Conformal Compactifaction

Space is big. Really big.You just won't believe how vastly, hugely, mind-bogglingly big it is; I mean you may think it's a long way down the street to the chemist, but that's just peanuts to space.

--- "The Hitchhiker's Guide to the Galaxy"

I could be bounded in a nutshell, and count myself king of infinite space, were it not that I have bad dreams.

--- Hamlet

This applet demonstrates the Penrose map which conformally maps spacetime (which is of course infinite) to a pre-compact set, which is commonly known as the "Einstein diamond".

The left-hand grid represents (one quadrant of) 1+1 Minkowski spacetime, with the horizontal axis denoting space x and the vertical axis denoting time t. Each grid spacing is 1/5 of a unit. The Penrose map

X = arctan(x+t) + arctan(x-t)
T = arctan(x+t) - arctan(x-t)

maps this quadrant conformally to the triangle (which is one quarter of the Einstein diamond) displayed on the right.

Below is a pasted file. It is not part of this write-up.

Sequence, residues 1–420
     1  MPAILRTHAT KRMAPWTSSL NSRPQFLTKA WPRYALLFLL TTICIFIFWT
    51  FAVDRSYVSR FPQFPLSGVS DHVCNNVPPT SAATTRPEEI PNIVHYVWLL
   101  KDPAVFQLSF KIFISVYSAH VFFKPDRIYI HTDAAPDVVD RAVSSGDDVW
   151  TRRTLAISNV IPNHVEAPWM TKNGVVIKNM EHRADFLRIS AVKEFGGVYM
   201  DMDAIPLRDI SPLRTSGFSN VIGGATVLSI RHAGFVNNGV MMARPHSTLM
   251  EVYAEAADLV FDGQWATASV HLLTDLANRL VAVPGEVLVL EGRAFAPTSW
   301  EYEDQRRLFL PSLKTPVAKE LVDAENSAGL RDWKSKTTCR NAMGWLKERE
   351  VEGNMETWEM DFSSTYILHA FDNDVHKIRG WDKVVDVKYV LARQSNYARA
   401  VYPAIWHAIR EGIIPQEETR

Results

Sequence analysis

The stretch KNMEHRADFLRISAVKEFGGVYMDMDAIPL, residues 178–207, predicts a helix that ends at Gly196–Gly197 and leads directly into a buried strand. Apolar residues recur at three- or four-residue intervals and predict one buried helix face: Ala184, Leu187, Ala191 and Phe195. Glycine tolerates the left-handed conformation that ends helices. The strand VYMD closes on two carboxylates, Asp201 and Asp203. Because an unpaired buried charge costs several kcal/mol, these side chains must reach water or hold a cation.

The same map works in higher dimensions, except that the position x is replaced by the radial variable r. (The angular variables are not affected by the Penrose compactification).

To use the applet, move the mouse around on the left-hand grid; a corresponding pointer will appear on the Einstein diamond. Curves can be drawn by dragging the mouse around. Conversely, if one moves or drags the mouse on the right-hand grid, then a pointer in Minkowski space will appear as given by the inverse Penrose map. Press any key to clear the screen.

Some points of interest:

Conformal compactification is useful in dealing with the global behaviour of non-linear wave equations. A typical application is in

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